by Jordan Green
The outcome of the High Point municipal election demonstrates a pattern of racial and partisan voting, with majority-white electorate supporting both a pro-revitalization mayor and two anti-tax at-large candidates.
High Point voters chose Bill Bencini, a former council member closely associated with a decade-long revitalization project known as City Project, while also electing Cynthia Davis and Britt Moore, who have expressed skepticism towards public investment in revitalization, to the two at-large seats.
Bencini, a white Republican, expressed enthusiasm for a proposal to “diet,” or reduce the number of lanes and enhance walkability on North Main Street, and has said he’s willing to spend public money on projects that show a strong return on investment for taxpayers.
Davis, a conservative Republican, warned during the campaign that a street-dieting project would translate into a bond referendum and higher taxes. Like Moore, whose political registration is unaffiliated, Davis has said the private sector should step up to make investments in the core city rather than burdening taxpayers with the cost.
While questions over revitalization have roiled the current council and provided fireworks during the campaign, voters had other reasons for their choices at the polls.
“There’s a lot of cross-pollination between Bill Bencini, who was on the City Project steering committee for years and who voted to move the project forward, and those who have been fighting revitalization,” said Tom Terrell, a former City Project board chairman who has been involved with High Point politics since the 1980s. “Revitalization was not the focus. Voters were handed ballots from conservative and Democratic Party sources that had certain names on them. That appears to be the strongest factor.”
Voters in Ward 4 returned Jay Wagner, an outspoken revitalization proponent to council, against a more fiscally conservative challenger. In Ward 3, the opposite dynamic was at work, as Alyce Hill, a community volunteer eager to push forward with revitalization initiatives, unseated Judy Mendenhall, an incumbent who played a key role in sidelining City Project earlier this year. Yet Wagner and Hill’s victories did not translate into success for David Rosen, the only at-large candidate who championed revitalization, either in wards 3 and 4 or elsewhere.
Not only did voters support both the pro-revitalization and anti-tax candidates, the two camps found their deepest reservoirs of support in the same precincts.
Bencini, Davis and Moore — along with Latimer Alexander, who lost to Moore by only 30 votes — carried the predominantly white, affluent and middle-class neighborhoods that flank Westchester Drive and the northern suburbs to the east of Highway 68.
The election results showed a racial pattern, with Brandon and other African-American candidates carrying precincts in the predominantly black, southeastern corner of the city. Davis, who led balloting in the at-large race by a margin of 1,496 votes ahead of her nearest competitor, ran strong across the city, from the working-class West End neighborhood, where she lives, to the area around the Palladium on the north side. Promoting the concept of “a seamless city” — an idea that likely resonated in economically distressed neighborhoods that have been shut out of the prosperity experienced in both tony Emerywood and the booming northern suburbs. She carried three precincts in outlying areas on the east side that overlapped with Brandon’s base. Moore’s base radiated out from Emerywood and stretched northward along the west side of Johnson Street along the shore of Oak Hollow Lake to Skeet Club Road.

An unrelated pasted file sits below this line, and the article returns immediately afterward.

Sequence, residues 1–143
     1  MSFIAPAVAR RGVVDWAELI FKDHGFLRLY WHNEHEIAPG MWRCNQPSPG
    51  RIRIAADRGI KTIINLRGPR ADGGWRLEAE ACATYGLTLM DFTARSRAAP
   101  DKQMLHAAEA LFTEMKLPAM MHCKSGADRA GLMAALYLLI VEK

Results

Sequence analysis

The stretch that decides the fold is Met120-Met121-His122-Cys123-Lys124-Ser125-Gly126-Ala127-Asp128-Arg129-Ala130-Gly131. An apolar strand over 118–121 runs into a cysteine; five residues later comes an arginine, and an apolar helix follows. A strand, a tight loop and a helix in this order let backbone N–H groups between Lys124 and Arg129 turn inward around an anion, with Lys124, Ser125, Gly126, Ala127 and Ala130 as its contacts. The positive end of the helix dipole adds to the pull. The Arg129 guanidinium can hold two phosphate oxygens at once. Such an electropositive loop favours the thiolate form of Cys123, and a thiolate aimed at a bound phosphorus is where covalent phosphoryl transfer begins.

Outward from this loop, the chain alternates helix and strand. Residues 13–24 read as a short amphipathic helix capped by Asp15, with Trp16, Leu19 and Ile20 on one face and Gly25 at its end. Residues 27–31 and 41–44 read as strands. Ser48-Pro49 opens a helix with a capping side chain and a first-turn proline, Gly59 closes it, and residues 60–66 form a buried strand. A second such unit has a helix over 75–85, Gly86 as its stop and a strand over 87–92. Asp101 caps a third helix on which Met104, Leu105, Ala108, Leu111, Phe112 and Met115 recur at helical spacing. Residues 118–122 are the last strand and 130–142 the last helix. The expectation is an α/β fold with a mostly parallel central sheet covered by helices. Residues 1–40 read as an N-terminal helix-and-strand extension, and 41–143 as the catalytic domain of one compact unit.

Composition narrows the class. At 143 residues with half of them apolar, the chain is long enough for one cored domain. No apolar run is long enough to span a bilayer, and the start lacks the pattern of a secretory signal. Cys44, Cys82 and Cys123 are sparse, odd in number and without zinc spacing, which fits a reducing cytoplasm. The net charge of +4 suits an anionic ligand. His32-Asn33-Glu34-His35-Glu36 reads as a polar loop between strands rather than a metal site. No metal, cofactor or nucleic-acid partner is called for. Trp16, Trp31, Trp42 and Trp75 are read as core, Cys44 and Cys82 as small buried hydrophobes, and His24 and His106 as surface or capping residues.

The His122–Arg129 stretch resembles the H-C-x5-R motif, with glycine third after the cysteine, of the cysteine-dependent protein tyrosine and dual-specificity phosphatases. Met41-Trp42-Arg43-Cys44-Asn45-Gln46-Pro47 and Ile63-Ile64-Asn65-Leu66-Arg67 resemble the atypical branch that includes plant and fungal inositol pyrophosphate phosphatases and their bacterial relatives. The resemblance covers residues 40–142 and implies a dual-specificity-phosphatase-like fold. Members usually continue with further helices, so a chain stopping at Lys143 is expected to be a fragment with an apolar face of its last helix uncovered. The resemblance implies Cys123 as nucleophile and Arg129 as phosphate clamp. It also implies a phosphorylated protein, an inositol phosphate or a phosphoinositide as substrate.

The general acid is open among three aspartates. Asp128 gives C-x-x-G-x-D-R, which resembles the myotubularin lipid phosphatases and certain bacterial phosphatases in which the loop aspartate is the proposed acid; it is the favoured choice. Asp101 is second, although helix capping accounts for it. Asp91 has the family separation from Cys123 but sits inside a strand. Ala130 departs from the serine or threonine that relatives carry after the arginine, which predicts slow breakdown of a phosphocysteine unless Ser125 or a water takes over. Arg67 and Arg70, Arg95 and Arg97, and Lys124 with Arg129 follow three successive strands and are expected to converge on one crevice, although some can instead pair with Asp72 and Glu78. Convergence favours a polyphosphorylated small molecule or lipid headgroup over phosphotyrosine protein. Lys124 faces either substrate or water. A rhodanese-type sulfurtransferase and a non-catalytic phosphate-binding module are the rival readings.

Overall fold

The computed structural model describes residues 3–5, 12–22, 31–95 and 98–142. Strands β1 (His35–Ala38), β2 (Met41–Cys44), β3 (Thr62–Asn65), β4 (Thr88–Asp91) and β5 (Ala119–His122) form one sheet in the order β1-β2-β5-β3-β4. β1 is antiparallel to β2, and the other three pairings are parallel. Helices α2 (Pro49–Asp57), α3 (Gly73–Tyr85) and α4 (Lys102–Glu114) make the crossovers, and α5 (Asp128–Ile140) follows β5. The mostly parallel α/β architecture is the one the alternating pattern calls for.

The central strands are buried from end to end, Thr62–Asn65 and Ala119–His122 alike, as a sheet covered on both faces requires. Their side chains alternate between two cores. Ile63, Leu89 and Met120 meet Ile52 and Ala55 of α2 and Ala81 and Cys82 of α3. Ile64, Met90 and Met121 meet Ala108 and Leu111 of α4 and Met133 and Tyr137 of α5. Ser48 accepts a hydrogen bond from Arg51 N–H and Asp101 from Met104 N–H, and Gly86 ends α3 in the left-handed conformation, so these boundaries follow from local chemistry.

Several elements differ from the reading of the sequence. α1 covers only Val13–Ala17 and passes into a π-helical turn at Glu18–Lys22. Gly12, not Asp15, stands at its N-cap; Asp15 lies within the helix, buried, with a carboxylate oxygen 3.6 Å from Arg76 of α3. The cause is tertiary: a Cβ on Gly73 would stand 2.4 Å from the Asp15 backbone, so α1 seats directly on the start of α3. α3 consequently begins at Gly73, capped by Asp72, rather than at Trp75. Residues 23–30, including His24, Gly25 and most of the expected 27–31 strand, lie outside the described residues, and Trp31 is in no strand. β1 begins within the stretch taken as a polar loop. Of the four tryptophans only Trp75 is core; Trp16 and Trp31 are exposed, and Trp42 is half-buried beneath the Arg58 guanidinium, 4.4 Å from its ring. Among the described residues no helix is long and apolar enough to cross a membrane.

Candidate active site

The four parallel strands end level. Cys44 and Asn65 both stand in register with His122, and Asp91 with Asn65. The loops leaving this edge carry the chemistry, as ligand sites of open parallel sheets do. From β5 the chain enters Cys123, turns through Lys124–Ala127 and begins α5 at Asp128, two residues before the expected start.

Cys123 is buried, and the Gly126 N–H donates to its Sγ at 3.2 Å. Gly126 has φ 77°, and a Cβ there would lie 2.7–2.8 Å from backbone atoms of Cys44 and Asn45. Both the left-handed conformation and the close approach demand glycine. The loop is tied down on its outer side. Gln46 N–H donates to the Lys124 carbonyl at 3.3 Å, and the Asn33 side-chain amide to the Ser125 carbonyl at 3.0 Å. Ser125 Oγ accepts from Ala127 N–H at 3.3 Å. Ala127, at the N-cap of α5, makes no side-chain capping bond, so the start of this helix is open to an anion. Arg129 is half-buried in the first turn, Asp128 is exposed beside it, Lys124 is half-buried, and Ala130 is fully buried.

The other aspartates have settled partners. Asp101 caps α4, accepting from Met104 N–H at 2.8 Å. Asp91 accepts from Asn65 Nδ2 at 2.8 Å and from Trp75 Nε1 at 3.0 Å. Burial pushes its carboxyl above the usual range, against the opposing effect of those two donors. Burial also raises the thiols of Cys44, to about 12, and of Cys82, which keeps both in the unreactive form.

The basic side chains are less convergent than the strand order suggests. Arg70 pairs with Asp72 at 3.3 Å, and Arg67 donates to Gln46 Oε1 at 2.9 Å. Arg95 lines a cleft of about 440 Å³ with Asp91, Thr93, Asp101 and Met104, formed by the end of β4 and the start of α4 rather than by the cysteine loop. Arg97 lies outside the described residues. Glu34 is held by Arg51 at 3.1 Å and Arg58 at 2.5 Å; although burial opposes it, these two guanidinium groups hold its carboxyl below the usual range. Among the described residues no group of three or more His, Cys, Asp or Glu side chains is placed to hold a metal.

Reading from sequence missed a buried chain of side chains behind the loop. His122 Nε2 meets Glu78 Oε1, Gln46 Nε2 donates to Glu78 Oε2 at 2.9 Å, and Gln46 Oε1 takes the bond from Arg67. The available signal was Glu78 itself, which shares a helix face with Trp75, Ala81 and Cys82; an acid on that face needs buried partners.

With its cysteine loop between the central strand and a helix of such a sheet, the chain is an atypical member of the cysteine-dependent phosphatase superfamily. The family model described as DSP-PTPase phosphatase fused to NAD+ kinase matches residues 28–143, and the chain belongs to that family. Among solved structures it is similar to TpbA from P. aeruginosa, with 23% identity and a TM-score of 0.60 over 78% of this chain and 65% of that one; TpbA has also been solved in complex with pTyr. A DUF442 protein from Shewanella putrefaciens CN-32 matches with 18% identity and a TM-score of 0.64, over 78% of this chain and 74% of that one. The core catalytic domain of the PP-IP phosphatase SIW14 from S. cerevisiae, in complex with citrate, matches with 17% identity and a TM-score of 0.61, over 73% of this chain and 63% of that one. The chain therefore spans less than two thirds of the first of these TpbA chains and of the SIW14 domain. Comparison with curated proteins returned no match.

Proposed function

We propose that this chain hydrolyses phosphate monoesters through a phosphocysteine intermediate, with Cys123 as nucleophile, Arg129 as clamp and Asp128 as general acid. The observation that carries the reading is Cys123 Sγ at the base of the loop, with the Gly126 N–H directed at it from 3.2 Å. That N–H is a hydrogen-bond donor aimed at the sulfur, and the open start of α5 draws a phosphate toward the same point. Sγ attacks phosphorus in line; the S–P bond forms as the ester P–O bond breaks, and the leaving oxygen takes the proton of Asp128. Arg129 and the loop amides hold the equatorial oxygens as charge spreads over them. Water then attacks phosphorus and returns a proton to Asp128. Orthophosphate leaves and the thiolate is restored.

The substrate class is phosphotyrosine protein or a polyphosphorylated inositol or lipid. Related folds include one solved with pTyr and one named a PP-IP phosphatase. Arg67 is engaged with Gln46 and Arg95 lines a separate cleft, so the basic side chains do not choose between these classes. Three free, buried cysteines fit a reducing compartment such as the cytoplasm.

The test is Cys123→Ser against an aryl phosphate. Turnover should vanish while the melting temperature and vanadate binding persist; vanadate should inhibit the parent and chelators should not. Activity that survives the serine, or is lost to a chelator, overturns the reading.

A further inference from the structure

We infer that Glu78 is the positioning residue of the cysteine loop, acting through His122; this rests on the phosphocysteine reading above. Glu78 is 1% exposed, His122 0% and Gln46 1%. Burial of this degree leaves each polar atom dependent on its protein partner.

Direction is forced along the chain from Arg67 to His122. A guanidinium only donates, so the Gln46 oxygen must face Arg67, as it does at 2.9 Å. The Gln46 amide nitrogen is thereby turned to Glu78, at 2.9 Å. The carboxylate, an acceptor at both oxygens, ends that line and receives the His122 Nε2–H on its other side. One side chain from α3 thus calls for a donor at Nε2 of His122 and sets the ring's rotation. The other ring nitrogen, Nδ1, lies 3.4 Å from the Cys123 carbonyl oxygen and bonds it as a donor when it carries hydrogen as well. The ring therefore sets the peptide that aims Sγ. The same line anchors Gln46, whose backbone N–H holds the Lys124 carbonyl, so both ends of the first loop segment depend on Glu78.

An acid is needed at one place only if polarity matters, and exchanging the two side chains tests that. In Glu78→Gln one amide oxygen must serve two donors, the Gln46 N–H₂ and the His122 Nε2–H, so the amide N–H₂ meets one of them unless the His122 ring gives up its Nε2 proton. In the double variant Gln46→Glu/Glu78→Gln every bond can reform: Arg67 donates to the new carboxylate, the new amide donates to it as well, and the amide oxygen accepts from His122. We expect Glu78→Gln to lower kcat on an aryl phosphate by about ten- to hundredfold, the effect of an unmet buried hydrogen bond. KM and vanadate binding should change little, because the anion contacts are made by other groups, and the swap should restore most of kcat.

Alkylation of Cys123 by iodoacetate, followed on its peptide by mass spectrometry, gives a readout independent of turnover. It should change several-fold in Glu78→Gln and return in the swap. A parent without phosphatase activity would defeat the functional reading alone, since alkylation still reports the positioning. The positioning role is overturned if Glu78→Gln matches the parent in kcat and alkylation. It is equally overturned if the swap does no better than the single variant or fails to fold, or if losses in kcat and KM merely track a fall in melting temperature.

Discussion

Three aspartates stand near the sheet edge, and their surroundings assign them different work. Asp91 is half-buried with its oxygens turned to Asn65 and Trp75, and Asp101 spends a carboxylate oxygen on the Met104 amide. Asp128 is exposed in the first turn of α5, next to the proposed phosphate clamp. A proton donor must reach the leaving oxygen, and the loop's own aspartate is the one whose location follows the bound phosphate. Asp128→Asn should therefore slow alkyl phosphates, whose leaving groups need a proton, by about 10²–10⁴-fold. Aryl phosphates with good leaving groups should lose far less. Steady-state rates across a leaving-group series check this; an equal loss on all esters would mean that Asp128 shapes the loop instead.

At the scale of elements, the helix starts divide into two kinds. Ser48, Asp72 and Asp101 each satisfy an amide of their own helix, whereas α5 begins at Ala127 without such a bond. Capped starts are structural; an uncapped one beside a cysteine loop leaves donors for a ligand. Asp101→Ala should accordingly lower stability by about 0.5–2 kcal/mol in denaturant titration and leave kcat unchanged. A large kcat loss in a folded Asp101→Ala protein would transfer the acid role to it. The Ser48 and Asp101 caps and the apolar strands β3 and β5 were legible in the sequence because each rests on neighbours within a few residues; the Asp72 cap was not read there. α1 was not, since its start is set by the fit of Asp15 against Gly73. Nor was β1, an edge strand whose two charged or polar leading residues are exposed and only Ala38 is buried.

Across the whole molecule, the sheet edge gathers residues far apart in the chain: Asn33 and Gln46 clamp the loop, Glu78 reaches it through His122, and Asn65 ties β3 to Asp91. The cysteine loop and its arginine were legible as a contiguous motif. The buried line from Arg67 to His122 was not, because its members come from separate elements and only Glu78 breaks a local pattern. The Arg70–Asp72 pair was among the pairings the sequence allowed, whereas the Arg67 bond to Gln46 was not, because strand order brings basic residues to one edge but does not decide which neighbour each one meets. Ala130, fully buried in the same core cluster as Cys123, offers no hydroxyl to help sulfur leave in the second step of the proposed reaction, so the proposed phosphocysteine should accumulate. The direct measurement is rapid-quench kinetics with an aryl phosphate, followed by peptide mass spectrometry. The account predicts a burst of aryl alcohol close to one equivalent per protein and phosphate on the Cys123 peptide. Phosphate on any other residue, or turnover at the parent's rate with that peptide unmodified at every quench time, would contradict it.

Rosen, the standard-bearer of revitalization, trailed other candidates in every precinct, but performed the best in those carried by Moore, an incumbent with a markedly cautious approach on revitalization matters. Rosen’s strongest returns came from Emerywood and the neighborhoods immediately to the north.
“With David Rosen, he was a newcomer without name recognition running against candidates who had ballot endorsement by the parties or who were incumbents,” Terrell said.
Even in Ward 3, where Hill unseated Mendenhall, Rosen drew few votes.
Ward 3 was an outlier, Terrell said.
“That’s because you had a challenger who came on surprisingly strong,” he said, “and the incumbent was not speaking to the voters aggressively.”
The Interstate 85 corridor through the southeast is traditionally a Democratic stronghold, even in the city’s nominally nonpartisan municipal elections.
“If you look at the data what’s interesting is that even in some of the precincts where the African-American vote was the strongest, Bill Bencini actually got a lot of votes,” Terrell said. “Marcus was the higher vote-getter in those, but he was on the Democratic Party ballot that was handed out. Bill had a mailer and he had newspaper ads with a very popular county commissioner, Bruce Davis, endorsing him. Marcus could have run well all over High Point. But he has never worked in High Point. He has never paid taxes in High Point. He just moved here to run for mayor. He’s never been a member of a church or a civic club in High Point. He has no roots whatsoever in High Point.”
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